Tuesday, April 15, 2014

The Purple Wedding of Geo-Politics

Sorry if you don’t watch Game of Thrones on Sunday nights, you might not get the title reference. Suffice it to say, without giving a spoiler alert, that there’s vengeance and there’s payback.

Vengeance is when someone who has harmed you gets his or her comeuppance, and while you get to sit back and enjoy the schadenfreude, you really don’t get to revel in it. Payback is when you get to plot and plan the comeuppance, and you can fully indulge your enjoyment. The Purple Wedding was a case of vengeance, in which most of the audience (both in the TeeVeeland and at the wedding of King Joffrey) were simultaneously horrified and gratified by the events.

Likewise, the Purple Wedding of Geopolitics is unwinding in front of our eyes. It explains precisely why President Obama doesn’t have to lift a finger (and why every President after Kennedy could have truly ignored the Soviet threat).

It’s called “economics”:

Russia is at increasing risk of a full-blown financial crisis as the West tightens sanctions and Russian meddling in Ukraine pushes the region towards conflagration.

The country’s private companies have been shut out of global capital markets almost entirely since the crisis erupted, causing a serious credit crunch and raising concerns that firms may not be able to refinace debt without Russian state support.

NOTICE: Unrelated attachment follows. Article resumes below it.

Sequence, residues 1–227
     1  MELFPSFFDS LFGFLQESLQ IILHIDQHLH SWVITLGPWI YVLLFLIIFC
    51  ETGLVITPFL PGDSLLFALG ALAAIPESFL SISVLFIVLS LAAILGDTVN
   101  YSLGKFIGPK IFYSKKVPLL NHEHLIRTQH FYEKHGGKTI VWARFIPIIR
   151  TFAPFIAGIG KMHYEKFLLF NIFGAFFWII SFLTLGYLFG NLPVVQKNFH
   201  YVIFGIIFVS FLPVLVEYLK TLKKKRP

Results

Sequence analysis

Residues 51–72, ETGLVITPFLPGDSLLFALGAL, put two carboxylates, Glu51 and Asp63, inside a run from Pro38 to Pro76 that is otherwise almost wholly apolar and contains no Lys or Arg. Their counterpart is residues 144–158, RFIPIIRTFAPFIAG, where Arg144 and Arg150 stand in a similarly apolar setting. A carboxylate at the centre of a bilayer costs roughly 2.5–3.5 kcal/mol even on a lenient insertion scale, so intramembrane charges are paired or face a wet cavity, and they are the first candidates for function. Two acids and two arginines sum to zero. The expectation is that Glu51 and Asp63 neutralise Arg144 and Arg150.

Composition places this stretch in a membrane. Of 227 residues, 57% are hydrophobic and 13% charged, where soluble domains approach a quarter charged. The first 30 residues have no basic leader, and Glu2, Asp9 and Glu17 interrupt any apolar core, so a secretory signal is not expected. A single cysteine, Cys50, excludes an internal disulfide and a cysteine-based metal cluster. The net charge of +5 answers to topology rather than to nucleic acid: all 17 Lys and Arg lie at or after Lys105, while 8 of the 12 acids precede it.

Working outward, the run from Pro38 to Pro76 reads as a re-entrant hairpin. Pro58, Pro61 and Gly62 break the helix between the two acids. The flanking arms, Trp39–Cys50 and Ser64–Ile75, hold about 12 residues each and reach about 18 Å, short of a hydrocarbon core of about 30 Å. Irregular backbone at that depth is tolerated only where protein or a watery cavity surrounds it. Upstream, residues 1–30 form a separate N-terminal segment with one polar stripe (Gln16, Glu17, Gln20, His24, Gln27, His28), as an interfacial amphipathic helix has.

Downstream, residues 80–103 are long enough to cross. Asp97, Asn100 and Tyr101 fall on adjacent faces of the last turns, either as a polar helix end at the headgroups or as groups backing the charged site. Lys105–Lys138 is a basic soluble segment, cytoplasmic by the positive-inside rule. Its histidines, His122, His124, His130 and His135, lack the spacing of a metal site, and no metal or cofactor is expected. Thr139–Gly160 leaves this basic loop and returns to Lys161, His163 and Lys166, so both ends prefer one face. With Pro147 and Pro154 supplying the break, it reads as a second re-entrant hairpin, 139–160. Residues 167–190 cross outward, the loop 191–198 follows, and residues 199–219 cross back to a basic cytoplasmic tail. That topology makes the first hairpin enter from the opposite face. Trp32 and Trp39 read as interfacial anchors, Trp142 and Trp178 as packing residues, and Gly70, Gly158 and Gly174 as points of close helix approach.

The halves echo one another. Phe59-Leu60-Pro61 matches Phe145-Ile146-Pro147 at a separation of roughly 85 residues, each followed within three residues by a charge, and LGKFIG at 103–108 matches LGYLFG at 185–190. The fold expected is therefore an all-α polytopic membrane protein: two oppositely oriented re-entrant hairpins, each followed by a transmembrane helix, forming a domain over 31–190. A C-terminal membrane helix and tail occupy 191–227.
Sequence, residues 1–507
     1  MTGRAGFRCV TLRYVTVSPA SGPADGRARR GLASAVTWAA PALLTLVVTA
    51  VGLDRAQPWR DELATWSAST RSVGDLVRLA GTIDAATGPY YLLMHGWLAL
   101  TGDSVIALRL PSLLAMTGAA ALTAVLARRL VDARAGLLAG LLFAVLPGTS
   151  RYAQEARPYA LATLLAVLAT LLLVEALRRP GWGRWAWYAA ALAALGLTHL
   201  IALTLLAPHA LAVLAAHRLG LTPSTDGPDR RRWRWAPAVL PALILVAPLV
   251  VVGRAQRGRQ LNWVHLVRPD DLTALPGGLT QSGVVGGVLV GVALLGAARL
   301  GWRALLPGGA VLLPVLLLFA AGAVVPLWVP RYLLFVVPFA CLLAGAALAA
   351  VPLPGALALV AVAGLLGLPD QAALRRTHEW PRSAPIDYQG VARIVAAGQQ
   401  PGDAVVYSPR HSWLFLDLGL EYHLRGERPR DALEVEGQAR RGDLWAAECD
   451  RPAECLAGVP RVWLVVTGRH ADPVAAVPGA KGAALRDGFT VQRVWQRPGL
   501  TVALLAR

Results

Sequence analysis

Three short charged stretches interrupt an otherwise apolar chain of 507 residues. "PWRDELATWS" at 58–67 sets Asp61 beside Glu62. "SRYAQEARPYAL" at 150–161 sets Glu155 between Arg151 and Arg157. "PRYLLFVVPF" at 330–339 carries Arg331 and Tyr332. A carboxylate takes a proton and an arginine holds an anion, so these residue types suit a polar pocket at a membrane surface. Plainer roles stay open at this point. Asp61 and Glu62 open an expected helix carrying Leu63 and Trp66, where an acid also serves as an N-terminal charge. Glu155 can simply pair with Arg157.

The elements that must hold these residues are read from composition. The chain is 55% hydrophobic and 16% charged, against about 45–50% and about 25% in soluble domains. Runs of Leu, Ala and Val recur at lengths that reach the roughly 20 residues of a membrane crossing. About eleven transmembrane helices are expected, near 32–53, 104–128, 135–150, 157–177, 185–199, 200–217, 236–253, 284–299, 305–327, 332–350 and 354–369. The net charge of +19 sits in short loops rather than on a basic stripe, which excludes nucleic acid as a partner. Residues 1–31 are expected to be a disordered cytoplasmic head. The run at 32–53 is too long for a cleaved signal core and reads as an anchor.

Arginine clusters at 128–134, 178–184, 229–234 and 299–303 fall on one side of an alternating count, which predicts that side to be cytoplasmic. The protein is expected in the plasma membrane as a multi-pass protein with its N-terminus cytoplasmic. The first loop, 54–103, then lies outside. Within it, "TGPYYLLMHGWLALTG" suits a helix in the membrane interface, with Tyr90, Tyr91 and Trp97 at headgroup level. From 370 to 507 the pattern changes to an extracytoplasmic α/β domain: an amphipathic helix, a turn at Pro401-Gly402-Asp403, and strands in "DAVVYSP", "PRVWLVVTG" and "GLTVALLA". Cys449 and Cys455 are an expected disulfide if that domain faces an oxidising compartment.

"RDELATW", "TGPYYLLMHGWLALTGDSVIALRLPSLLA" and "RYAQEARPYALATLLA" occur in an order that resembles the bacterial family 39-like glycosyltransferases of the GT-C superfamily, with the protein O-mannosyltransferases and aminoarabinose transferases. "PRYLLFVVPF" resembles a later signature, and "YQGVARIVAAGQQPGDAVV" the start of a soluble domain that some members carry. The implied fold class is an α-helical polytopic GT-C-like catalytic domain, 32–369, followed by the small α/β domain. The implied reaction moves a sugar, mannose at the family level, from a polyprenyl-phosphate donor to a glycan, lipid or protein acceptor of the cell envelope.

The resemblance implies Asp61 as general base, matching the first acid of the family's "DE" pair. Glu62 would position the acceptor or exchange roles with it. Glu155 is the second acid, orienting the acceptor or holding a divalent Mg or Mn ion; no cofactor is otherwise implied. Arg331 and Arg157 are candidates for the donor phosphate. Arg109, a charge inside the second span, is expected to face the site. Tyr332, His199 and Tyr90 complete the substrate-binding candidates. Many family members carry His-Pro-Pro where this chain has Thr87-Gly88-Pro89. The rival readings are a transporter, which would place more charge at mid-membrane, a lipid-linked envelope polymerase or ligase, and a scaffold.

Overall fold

“No Eurobonds have been rolled over for six weeks. This cannot continue for long and is becoming a massive issue,” said an official from a major Russian bank. “Companies have to roll over $10bn a month and nothing is moving. The markets have been remarkably relaxed about this, given how dangerous it is. Russia’s greatest vulnerability is the bond market,” he said.

The Russian economy is, for all intents and purposes, a one-trick pony: oil and gas control economic growth. When prices are high, Russia is powerful. When prices drop, Russia is hobbled.

This is partly why President Obama has been carefully dancing around the Keystone XL pipeline. An increased flow of US and Canadian oil would defang Putin long-term. (For the record, I oppose XL, always will, because I think a short-term justification like this is not worth the price)

The Ukraine crisis is also tied into the Russian economy – as all aggression is – since Ukraine has ports.

This is also why President Obama put in place sanctions that the EU has little choice but to emulate. Among those sanctions was a cut-off of the assets of Bank Rossiya, which is deeply involved in the Russian oil industry.

In effect, Obama has choked off Russia’s economy just as it needs a long draught from her chalice.